In 1984 he was again attacked by the Military government, who jailed him on a dubious charge of currency smuggling. His case was taken up by several human-rights groups, and after twenty months, he was released from prison by General Ibrahim Babangida. On his release he divorced his twelve remaining wives. Once again, Fela continued to release albums with Egypt 80, made a number of successful tours of the United States and Europe and also continued to be politically active. In 1986, Fela performed in Giants Stadium in New Jersey as part of the Amnesty International "Conspiracy of Hope" concert, sharing the bill with Bono, Carlos Santana, and The Neville Brothers. This article does not cite any references or sources. ... General Ibrahim Badamasi Babangida (born August 17, 1941), popularly known as IBB, was the military ruler of Nigeria from August 1985 until his departure from office under heavy popular pressure in 1993, after his annulment of elections held that year which were widely held to have been the freest and... For other uses, see Europe (disambiguation). ... Giants Stadium, frequently referred to as The Meadowlands, is the home stadium for the New York Giants and New York Jets football teams of the NFL, and the Red Bull New York soccer team of MLS. It is located in East Rutherford, New Jersey in the Meadowlands Sports Complex, which... This article is about the U.S. state. ... Wikimedia Commons has media related to: Amnesty international Amnesty International (commonly known as Amnesty or AI) is an international non-governmental organization which defines its mission as to undertake research and action focused on preventing and ending grave abuses of the rights to physical and mental integrity, freedom of conscience... For other uses, see Bono (disambiguation). ... Carlos Augusto Alves Santana (born July 20, 1947), is a Grammy Award-winning Mexican-born American Latin rock musician and guitarist. ... The Neville Brothers, an R&B, Soul and Jazz group, was formed in 1976 in New Orleans, LA. // Aaron Neville Art Neville Charles Neville Cyril Neville Ivan Neville The Neville Brothers (March 1978) Fiyo on the Bayou (April 1981) Nevillization I (September 1982) Nevillization II (February 1983) Neville-ization (June...


His album output slowed in the 1990s, and eventually he stopped releasing albums altogether. The battle against military corruption in Nigeria was taking its toll, especially during the rise of dictator Sani Abacha. Rumors were also spreading that he was suffering from an illness for which he was refusing treatment. On August 3, 1997 Olikoye Ransome-Kuti, already a prominent AIDS activist and former Minister of Health, stunned the nation by announcing his younger brother's death a day earlier from Kaposi's sarcoma brought on by AIDS. (Their younger brother, Beko, was in jail at this time at the hand of Abacha for political activity). More than a million people attended Fela's funeral at the site of the old Shrine compound. Sani Abacha General Sani Abacha (Kano, 20 September 1943 – Abuja, 8 June 1998) was a Nigerian politician and military leader. ... is the 215th day of the year (216th in leap years) in the Gregorian calendar. ... For the band, see 1997 (band). ... For other uses, see AIDS (disambiguation). ...


Music

The musical style performed by Fela Kuti is called Afrobeat, which is essentially a fusion of jazz, funk and Traditional African Chant. It is characterized by having African style percussion, vocals, and musical structure, along with jazzy, funky horn sections. The "endless groove" is also used, in which a base rhythm of drums, muted guitar, and bass guitar are repeated throughout the song. This is a common technique in African and African-influenced musical styles, and can be seen in funk and hip-hop. Some elements often present in Fela's music are the call-and-response with the chorus and figurative but simple lyrics. Fela's songs were almost always over ten minutes in length, some reaching the twenty or even thirty minute marks. This was one of many reasons that his music never reached a substantial degree of popularity outside of Africa. His songs were mostly sung in Nigerian pidgin, although he also performed a few songs in the Yoruba language. Fela's main instruments were the saxophone and the keyboards but he also played the trumpet, horn, guitar and made the occasional drum solo. Fela refused to perform songs again after he had already recorded them, which also hindered his popularity outside Africa. Fela was known for his showmanship, and his concerts were often quite outlandish and wild.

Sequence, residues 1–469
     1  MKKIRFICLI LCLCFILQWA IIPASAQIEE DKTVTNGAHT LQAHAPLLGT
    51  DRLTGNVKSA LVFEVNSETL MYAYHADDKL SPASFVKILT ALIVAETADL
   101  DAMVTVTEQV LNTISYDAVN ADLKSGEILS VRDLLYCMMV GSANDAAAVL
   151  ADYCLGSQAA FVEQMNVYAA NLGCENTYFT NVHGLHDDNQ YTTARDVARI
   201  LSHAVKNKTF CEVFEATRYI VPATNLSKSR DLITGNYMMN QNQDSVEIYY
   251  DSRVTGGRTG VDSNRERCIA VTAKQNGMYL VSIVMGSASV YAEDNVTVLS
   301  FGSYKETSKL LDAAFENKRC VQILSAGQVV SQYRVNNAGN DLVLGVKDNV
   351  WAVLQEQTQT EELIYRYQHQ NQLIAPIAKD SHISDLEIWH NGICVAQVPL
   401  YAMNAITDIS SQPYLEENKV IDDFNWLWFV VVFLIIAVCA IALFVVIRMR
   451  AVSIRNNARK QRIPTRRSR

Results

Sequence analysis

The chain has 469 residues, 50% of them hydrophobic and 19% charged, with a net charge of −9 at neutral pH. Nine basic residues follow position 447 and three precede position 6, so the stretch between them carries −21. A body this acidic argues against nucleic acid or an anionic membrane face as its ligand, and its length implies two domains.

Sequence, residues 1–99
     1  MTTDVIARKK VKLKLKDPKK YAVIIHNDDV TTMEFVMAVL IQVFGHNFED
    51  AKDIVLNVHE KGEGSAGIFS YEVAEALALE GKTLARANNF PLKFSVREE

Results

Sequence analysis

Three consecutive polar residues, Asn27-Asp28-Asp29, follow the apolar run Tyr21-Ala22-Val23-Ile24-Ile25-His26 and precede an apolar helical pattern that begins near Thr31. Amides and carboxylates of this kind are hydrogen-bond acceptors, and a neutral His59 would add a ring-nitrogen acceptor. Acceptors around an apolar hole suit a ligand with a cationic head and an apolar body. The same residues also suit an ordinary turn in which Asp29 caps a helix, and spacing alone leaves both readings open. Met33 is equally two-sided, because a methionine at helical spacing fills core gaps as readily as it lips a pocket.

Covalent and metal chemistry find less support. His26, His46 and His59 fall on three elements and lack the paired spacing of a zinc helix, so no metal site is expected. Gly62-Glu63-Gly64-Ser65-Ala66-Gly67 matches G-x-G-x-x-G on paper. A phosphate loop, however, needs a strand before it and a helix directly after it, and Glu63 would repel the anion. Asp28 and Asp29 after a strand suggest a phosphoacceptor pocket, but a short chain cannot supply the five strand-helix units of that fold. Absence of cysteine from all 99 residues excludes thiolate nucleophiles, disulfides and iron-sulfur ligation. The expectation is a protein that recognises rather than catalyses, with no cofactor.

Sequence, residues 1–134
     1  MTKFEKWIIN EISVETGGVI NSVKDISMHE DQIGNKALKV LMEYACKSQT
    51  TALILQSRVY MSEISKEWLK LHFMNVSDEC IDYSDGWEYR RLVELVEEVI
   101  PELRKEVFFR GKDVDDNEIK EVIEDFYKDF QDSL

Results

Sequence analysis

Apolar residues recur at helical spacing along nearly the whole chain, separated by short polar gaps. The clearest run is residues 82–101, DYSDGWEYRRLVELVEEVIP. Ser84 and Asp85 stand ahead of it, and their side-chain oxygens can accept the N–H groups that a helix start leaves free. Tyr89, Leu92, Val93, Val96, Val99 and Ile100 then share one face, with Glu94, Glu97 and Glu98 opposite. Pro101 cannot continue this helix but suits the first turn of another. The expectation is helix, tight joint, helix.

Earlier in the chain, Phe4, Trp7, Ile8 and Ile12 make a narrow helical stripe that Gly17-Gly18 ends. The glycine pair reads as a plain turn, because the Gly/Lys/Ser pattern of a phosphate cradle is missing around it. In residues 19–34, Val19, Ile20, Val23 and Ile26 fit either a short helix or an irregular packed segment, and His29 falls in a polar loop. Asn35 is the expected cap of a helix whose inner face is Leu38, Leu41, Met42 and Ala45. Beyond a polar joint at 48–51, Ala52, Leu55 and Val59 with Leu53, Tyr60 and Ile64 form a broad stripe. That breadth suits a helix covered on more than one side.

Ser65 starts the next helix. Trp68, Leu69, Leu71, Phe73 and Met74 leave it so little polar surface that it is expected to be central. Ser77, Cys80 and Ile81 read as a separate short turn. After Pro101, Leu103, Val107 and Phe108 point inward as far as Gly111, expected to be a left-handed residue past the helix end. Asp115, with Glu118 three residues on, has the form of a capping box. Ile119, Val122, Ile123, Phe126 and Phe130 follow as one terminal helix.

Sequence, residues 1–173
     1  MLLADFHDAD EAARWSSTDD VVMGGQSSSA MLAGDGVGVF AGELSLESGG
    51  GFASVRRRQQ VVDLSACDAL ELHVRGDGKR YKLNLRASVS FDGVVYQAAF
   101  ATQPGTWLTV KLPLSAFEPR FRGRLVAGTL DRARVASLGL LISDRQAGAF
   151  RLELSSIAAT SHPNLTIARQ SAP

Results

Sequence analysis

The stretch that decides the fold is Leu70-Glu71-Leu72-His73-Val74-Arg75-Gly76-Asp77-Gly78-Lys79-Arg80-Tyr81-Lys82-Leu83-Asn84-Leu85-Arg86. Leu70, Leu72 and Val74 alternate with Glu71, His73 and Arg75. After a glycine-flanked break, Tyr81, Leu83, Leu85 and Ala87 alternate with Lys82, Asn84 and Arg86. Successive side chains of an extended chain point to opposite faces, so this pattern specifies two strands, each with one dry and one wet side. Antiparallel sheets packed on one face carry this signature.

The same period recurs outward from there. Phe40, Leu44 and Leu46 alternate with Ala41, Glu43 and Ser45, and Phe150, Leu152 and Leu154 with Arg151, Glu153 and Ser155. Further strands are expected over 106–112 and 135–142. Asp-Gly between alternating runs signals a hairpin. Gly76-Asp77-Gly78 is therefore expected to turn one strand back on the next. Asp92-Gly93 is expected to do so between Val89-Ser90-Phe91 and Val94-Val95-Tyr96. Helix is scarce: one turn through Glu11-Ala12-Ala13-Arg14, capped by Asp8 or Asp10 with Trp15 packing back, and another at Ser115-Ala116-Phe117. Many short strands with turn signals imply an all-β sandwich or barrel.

Political views

The American Black Power movement influenced Fela's political views. He was also a supporter of Pan-Africanism and socialism (although in a 1982 documentary he can clearly be seen rejecting both capitalism and socialism in favour of a third way that he described as Africanism), and called for a united, democratic African republic. He was a fierce supporter of human rights, and many of his songs are direct attacks against dictatorships, specifically the militaristic governments of Nigeria in the 1970s and 1980s. He was also a social commentator, and criticized his fellow Africans (especially the upper class) for betraying traditional African culture. The African culture he believed in also included having many wives (polygyny) and the Kalakuta Republic was formed in part as a polygamist colony. His views towards women are characterised by some as misogynist, with songs like "Mattress" typically cited as evidence[3]. Though not part of African culture, it should be noted though that Fela was very open when it came to sex, as he portrayed in some of his songs, like "Open and Close" and "Na Poi". ‹ The template below is being considered for deletion. ... Pan-Africanism is a term which can have two separate, but related meanings. ... Socialism is a broad array of ideologies and political movements with the goal of a socio-economic system in which property and the distribution of wealth are subject to control by the community for the purposes of increasing social and economic equality and cooperation. ... For other uses, see Capitalism (disambiguation). ... Socialism is a broad array of ideologies and political movements with the goal of a socio-economic system in which property and the distribution of wealth are subject to control by the community for the purposes of increasing social and economic equality and cooperation. ... Look up republic in Wiktionary, the free dictionary. ... Human rights are rights which some hold to be inalienable and belonging to all humans. ... Forms of government Part of the Politics series Politics Portal This box:      A dictatorship is an autocratic form of government in which the government is ruled by a dictator. ... Militarism or militarist ideology is the doctrinal view of a society as being best served (or more efficient) when it is governed or guided by concepts embodied in the culture, doctrine, system, or people of the military. ... Social class refers to the hierarchical distinctions between individuals or groups in societies or cultures. ... The term polygyny (neo-Greek: poly+gune Many + Wives) is used in related ways in social anthropology and sociobiology. ... Kalakuta Republic was the name musician/political activist Fela Kuti gave to the communal compound that housed his family, band members, and recording studio. ...